2021 Spring Series
Church: Looking Back, Going Forward
Sundays at 12:15 PM via Zoom
The Zoom link will be emailed in the confirmation email.
As we enter into a post-pandemic world, we wonder, “What will happen to our church? How will it change? What does it mean for us to be the Church God has called us to be as we look into the future?” You are invited to ask, wonder and learn with us for 6 weeks with two prominent seminary professors, Dr. William Yoo of Columbia Theological Seminary and Dr. Soong-Chan Rah of North Park Theological Seminary.
April 18, 25, and May 2 at 12:15 PM via Zoom
“Looking Back” with Dr. William Yoo
William Yoo is Associate Professor of American Religious and Cultural History at Columbia Theological Seminary. He is the author of American Missionaries, Korean Protestants, and the Changing Shape of World Christianity and editor of The Presbyterian Experience in the United States: A Sourcebook. He is currently writing a book on the history of slavery and anti-Black racism in Presbyterianism across colonial North America and the United States.
Looking Back (April 18, 25 and May 2) with Dr. William Yoo:
Overview: How did we get here? The history of Christianity in the United States comprises a long and winding journey filled with the striving and stumbling of individuals and congregations as they joined together and divided from one another over different matters of belief and practice. These three sessions explore pivotal movements that help explain the roots of conservative, evangelical, political, and progressive expressions of faith today.
April 18: What does it mean to be a born again believer? This session focuses on the origins of evangelicalism and the changing notions of conversion, emotion, order, and worship amid a wave of revival movements throughout the North American colonies in the eighteenth century and explores how these roots have shaped Christianity into the present.
April 25: Why do Christians who agree on the importance of the Bible disagree so much when it comes to reading the Bible? This session focuses on the origins of how Christians in the United States came to interpret and see the Bible in different and diverging ways on evangelism, slavery, social justice, and women’s rights in the nineteenth century and connects the roots of past disagreements with present congregations and denominations.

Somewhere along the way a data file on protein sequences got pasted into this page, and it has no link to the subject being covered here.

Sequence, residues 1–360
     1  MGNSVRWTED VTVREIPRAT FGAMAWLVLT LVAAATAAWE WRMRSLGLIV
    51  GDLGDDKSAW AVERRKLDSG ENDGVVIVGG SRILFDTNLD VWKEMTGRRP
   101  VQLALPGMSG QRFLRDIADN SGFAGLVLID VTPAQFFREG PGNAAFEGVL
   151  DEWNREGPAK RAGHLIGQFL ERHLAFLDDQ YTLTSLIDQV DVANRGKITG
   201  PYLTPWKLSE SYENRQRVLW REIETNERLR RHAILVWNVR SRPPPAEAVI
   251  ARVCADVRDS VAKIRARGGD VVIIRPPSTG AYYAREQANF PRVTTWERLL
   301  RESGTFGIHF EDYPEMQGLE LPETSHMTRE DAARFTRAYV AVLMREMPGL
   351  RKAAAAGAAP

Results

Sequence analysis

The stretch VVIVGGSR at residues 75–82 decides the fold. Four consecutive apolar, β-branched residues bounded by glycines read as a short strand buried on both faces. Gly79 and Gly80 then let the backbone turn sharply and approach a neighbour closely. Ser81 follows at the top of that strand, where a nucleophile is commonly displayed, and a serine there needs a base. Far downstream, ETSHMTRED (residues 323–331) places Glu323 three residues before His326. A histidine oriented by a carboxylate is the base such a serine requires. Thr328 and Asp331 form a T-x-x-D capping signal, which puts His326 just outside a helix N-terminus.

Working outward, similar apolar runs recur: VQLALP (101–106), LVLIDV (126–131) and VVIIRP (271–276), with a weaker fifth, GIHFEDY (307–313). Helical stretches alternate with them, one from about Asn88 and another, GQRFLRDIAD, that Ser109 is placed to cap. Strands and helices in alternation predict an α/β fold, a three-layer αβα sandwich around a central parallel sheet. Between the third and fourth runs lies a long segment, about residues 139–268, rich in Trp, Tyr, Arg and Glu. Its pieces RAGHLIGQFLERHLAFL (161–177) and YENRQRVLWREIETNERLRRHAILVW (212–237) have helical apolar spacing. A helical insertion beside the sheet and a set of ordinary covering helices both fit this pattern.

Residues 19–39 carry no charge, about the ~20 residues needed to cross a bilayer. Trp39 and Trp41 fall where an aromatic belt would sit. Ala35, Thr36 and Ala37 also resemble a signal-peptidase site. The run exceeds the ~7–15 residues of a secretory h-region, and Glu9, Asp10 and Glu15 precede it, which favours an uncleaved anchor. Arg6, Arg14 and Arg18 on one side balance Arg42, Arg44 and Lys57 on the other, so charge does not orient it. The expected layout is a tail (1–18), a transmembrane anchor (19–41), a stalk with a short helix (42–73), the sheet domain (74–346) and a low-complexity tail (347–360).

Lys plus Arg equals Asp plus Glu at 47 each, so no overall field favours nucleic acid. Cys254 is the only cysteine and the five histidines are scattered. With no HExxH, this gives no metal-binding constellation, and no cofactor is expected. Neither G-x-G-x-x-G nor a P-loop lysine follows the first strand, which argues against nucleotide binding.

May 2: Why does Sunday morning remain the most racially segregated time of the week? This session focuses on the origins of how Christians in the United States formed different and distinct communities of faith by race and ethnicity and identifies what opportunities and challenges exist for Christians seeking to create interracial congregations and multiethnic movements in the here and now.
May 9, 16, and 23 at 12:15 PM via Zoom
“Going Forward” with Dr. Soong-Chan Rah
Rev. Dr. Soong-Chan Rah is Milton B. Engebretson Professor of Church Growth and Evangelism at North Park Theological Seminary in Chicago, IL and the author of The Next Evangelicalism (IVP Books, 2009); Many Colors (Moody, 2010); Prophetic Lament (IVP Books, 2015); co-author of Forgive Us (Zondervan, 2014); Return to Justice (Brazos, 2016); and Unsettling Truths (IVP Books, 2019).
Soong-Chan received his B.A. from Columbia University; his M.Div. from Gordon-Conwell Theological Seminary; his Th.M. from Harvard University; his D.Min. from Gordon-Conwell Theological Seminary, and his Th.D. from Duke University.
Going Forward (May 9, 16, 23) with Dr. Soong Chan Rah:
Overview: Our time together will focus on the lost practice of lament in the current iteration of the American Church. We will examine why lament is a necessary practice given the challenges of our current social reality. We will focus our study on the book of Lamentations. Much of the content will be drawn from Soong-Chan Rah’s book, Prophetic Lament: A Call for Justice in Troubled Times (IVP Books, 2015).
May 9: We will examine our current social reality and why lament is missing in our context while being desperately needed. We will examine the historical context of the book of Lamentations and compare with our nation’s history and seek Biblical wisdom in how we understand our current social reality.
May 16: We will explore the theology of lament and how lament provides a counter-narrative to the dysfunctional, broken narratives in our society. What theological principles emerge from our study of the practice of lament as expressed in the book of Lamentations.
May 23: We will move towards specific ways that God’s people can practice and embody lament in our troubled times. We will discuss how lament can be an active work of justice for God’s people in the world.
If prompted for a password, it’s “Church” with capital C